In a 1920s Bowtruss building, with a few walls built and trusses painted black, we began this rapid paced project to be completed within three weeks. The building is one of several single story buildings on an industrial campus co-located with the corporate headquarters. The VER Camera building faces west toward San Fernando Road, a busy four-lane street which parallels Metrolink tracks with the loud train horn sounding regularly.
The move was part of a series of coordinated moves to bring two parts of the Camera division to the campus, equipment inventory, staff areas and client-facing spaces. It is a temporary project, as the corporation is planning to relocate all divisions to a nearby airport. The move schedule date was set, design began and schedule shifted based on client lighting selections. The client has a requirement for flicker free, 5000K daylight spaces, and preferring LED source. The schedule shifted to accommodate new major client assignments and large-scale preps, when product availabilities were solid. It was an ever-moving target, while the design marched forward steadily.
‘Street cool’ design features in the space took rise from the essential elements of the client. Simple black unistrut organized the ‘ceiling plane’ supporting the focus chart rails for digital imaging prep bays where the highly detailed, plumb focus chart travels along the rail system, as focus is pulled and verified.
The beginning of spatial branding was accomplished with a call out to graffiti artists, to increase branding words and slogans with graffiti, tagging and alphabetic wild style artfully done on the bathroom walls, launching enthusiasm for the new urban garage. Stacks of thin aluminum water-jetted scrap with X-frame cutouts lined dumpsters, and were quickly repurposed for the project. The 4’x 4’ X-frame material played large in the custom design of mobile prep tech carts and battery racks. End grained and dovetailed butcher block, the go-to material of choice for this case laden space, was purchased in sizes to create modular furniture: client desks, benches, tables and a conference credenza. It was stained in two shades of grey, one for the prep bays and another deeper shade for the client areas. In the credenza, the client’s own newly redesigned cases were used as the body of the credenza, showing off their own products. The benches used client products as sled bases easing the relocation across carpet planked prep bays.
High-end cameras exhibit edgy automotive design, with perforated aluminum screens at vented elements; so similar focal points in the space were framed out of modular framing materials called 80/20 and contained panels of the perforated material. In-house resources like 3D printing and manufacturing of parts completed the design. Mobile prep tech ‘off the grid’ workstations complete with their own battery host a laptop, with custom recesses for markers and camera stainless steel rods.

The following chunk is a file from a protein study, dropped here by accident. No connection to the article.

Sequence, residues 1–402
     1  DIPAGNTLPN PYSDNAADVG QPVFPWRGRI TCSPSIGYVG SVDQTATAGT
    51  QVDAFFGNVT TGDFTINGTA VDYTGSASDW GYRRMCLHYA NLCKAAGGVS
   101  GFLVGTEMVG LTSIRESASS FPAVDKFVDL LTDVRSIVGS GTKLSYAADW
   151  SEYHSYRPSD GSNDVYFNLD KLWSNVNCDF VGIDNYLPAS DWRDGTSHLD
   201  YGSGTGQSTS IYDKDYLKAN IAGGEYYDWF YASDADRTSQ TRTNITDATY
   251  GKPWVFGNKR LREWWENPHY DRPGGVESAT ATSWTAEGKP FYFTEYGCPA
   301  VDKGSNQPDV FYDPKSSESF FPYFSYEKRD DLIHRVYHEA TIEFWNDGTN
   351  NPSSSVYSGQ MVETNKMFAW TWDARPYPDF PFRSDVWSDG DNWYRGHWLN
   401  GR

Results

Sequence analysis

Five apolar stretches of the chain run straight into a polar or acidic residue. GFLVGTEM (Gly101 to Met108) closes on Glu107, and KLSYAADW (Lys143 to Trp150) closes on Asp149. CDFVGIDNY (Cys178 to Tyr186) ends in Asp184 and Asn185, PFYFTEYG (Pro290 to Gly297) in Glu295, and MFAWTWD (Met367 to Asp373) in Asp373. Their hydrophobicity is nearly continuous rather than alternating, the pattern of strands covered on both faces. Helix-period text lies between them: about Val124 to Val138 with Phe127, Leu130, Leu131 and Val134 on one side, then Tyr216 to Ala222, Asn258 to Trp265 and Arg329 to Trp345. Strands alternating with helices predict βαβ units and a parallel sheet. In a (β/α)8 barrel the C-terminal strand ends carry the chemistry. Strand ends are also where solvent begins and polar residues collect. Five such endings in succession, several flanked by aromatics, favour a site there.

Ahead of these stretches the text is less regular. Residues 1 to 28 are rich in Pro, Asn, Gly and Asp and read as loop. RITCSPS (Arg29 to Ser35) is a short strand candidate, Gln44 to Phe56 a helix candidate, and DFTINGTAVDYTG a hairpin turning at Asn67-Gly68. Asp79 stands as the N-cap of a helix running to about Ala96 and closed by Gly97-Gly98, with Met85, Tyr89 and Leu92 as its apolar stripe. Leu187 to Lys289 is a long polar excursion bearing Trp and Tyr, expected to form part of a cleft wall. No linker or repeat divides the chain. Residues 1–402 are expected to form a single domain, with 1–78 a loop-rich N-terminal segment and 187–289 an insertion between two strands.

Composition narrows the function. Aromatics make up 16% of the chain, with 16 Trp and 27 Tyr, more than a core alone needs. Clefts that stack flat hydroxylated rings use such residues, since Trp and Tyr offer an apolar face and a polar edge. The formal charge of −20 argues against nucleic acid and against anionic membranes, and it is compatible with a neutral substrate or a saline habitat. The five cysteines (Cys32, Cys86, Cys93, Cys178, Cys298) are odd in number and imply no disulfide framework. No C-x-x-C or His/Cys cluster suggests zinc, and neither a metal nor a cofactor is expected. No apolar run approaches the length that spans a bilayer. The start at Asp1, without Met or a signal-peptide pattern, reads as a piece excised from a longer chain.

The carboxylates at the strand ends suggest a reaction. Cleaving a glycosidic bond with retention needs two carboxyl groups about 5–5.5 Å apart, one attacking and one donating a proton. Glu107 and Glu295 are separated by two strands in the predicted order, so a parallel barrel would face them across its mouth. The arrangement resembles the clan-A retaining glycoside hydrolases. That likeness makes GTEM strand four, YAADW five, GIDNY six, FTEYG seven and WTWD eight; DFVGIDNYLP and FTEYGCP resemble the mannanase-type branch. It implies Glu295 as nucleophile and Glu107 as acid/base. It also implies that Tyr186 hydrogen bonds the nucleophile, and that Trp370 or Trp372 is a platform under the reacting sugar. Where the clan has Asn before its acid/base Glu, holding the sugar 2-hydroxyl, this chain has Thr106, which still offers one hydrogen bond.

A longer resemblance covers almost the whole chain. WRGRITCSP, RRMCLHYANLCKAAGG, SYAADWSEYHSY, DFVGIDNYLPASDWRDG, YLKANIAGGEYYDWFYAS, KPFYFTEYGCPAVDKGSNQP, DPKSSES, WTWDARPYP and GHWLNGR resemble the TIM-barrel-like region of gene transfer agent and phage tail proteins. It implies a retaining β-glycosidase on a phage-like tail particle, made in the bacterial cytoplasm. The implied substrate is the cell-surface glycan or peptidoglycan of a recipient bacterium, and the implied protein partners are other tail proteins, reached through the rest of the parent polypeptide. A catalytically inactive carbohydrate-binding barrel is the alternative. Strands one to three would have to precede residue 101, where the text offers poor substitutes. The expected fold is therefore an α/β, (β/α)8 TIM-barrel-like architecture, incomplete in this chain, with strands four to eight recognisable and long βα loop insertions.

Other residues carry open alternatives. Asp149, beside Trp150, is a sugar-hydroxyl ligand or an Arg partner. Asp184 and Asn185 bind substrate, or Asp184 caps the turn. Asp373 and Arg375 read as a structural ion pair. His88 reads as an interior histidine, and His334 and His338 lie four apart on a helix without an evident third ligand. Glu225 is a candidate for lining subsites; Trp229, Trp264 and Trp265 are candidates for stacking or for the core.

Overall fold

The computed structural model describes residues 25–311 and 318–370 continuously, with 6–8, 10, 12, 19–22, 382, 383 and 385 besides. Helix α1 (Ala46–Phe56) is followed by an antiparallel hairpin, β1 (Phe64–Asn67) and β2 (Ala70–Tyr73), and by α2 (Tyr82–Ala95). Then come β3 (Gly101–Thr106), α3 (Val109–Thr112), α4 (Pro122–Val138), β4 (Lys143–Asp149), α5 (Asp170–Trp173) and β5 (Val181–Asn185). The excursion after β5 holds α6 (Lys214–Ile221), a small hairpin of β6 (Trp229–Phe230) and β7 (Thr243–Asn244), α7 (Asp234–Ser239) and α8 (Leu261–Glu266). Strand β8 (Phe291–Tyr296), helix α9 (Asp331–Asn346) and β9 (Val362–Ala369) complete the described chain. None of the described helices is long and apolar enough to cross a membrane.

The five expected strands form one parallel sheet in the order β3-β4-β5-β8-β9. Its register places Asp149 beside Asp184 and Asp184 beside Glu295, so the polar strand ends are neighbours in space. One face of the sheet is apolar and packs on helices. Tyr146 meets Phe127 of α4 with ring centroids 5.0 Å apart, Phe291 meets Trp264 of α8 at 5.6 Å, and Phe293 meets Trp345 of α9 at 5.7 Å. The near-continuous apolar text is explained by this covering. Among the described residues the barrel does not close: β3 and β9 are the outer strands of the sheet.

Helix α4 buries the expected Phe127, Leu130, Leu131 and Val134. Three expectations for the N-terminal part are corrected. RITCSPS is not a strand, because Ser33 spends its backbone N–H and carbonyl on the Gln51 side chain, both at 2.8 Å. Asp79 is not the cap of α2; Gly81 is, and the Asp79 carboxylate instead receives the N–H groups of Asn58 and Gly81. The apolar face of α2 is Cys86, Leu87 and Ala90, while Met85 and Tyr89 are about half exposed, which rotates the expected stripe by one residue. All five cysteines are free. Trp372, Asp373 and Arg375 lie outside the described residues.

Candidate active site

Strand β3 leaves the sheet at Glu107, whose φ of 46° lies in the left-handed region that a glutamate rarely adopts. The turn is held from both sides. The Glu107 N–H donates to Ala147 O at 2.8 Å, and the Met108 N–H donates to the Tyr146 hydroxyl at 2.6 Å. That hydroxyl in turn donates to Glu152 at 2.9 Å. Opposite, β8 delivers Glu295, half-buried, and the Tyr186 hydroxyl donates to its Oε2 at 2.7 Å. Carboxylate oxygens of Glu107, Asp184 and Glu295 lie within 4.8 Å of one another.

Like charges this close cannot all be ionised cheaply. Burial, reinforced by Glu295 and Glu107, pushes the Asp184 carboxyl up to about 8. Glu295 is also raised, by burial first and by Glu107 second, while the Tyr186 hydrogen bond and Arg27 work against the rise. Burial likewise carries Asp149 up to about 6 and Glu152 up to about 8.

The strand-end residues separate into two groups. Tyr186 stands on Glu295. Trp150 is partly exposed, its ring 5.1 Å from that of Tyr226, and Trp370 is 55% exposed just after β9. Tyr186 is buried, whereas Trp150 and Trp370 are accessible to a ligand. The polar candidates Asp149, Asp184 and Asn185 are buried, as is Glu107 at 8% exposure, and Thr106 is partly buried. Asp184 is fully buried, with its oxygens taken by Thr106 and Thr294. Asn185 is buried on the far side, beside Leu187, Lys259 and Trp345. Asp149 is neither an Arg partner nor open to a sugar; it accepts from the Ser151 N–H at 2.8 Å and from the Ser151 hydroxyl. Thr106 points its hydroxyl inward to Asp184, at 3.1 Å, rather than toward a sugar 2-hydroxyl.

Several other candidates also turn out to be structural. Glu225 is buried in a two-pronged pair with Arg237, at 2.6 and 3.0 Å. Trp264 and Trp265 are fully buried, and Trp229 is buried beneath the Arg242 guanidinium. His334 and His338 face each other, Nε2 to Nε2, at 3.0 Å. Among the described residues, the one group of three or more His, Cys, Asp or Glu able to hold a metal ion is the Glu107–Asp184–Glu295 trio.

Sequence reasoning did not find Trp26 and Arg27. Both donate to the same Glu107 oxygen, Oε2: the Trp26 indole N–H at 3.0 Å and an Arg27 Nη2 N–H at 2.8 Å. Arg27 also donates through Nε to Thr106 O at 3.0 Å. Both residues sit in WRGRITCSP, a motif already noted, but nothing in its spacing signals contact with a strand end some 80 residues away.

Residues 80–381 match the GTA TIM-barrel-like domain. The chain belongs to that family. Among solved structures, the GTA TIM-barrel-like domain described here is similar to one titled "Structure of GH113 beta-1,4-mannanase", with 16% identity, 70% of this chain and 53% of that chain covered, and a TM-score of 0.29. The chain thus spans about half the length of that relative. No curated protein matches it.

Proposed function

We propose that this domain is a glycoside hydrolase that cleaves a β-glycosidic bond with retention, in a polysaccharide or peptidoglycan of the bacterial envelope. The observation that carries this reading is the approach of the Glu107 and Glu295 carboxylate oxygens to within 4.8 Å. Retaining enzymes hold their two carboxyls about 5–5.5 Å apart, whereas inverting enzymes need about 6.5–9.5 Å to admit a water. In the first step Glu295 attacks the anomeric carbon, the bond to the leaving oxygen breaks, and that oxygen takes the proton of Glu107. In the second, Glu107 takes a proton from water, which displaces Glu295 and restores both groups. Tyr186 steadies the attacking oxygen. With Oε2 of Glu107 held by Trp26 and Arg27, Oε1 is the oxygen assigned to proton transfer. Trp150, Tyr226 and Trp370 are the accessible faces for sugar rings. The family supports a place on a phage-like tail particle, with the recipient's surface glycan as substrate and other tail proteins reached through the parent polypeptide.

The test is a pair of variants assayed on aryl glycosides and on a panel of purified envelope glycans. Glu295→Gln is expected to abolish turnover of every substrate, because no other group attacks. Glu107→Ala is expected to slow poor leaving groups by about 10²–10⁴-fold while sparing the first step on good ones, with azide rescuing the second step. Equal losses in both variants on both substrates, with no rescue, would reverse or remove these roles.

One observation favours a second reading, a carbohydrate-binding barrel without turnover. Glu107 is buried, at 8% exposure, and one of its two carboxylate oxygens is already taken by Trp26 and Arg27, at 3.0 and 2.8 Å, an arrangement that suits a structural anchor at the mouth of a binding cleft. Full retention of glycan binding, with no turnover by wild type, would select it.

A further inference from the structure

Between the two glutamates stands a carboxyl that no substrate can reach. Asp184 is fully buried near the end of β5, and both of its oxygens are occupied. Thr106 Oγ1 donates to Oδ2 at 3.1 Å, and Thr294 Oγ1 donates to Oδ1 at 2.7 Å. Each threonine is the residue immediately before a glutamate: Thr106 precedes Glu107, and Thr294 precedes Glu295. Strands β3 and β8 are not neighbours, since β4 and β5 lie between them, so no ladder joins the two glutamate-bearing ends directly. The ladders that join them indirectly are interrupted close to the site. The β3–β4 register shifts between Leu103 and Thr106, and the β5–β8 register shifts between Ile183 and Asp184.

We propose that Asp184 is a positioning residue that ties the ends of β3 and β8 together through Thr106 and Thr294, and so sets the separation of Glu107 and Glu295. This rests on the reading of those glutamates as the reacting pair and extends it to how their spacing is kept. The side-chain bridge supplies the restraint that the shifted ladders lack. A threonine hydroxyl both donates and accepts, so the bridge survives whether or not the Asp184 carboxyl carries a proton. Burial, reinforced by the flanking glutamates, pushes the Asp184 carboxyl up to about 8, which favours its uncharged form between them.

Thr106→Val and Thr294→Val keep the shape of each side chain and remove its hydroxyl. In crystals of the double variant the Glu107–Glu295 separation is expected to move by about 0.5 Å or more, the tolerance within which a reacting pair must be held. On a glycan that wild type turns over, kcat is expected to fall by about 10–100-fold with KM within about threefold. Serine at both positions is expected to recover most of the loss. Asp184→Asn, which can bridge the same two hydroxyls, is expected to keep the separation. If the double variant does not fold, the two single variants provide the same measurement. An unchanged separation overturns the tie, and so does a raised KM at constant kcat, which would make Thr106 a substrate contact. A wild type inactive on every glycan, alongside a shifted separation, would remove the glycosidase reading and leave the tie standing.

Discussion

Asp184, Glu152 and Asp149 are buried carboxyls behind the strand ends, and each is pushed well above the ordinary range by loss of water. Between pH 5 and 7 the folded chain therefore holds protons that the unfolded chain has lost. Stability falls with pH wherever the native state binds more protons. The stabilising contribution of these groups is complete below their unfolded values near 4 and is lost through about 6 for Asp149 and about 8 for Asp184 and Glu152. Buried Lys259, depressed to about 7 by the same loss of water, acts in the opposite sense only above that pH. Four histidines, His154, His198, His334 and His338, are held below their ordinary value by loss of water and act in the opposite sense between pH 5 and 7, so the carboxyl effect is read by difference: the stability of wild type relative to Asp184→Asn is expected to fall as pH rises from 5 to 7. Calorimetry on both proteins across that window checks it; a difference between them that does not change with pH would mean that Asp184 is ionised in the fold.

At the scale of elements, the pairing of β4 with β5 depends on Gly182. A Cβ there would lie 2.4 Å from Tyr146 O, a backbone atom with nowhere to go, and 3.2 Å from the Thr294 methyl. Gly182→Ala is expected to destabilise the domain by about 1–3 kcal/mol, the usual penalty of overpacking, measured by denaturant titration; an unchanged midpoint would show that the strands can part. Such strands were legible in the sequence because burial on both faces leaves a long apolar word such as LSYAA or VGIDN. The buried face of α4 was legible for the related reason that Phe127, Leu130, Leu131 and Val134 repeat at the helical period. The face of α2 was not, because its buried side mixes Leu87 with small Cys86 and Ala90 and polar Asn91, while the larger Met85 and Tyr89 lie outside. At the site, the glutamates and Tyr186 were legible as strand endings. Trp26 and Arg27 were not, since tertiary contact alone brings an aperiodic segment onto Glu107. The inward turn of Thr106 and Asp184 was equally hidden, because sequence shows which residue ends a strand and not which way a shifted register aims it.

Matching the shadowy stain is custom European millwork with galvanized metal counters, providing client touchdown, lunching and lounging areas. Bolts dress the assemblies. Rollup doors provide the industrial character with blackout curtains hung on air craft cable separating and providing the ultimate flexibility for the 20 prep bays to expand or contract for a single digital imaging camera or a multitude of reality cameras. The newly mobile prep techs were aided by real time interaction and constant communication from clients via mobile iPad enabled prep bays.
Given the project’s overnight schedule demands, J S D A generated the design as the drawing was being done, and drafted all of the construction drawings by hand within a few days; transmitting the drawings to the general contractor. Budgeting for the project was requested after drawings were done. Within an 18-hour period, the designer produced an estimated budget for all ideated design elements that represented a complete project, together with art and accessories. The budget was adopted by the client and became the benchmark for the project. Several weeks into the project, the general contractor was removed from service. The client realized the amount of labor needed would require the hire of temporary laborers. Four temps were required for four weeks, but they came without tools nor specific construction skills. Extraordinarily, J S D A guided the construction, showing the laborers how to measure, cut, and install. The client made runs to Home Depot for tools. Adding to the industrial character of the space, J S D A decided that all conduit would be surface mounted and gave the electrical contractor the freedom sought.
The project was a success, on budget, on schedule and exceeding the quality expectations of the client and ‘setting a new bar’ for the industry. This project represented the best definition of partnership, a collaboration of trust between designer and client, utilizing the best of in-house technologies, representative branding and products toward a fulfilling space that is thrilling to clients upon setting set inside the space. The client’s branding message is a “can do” and together, we did.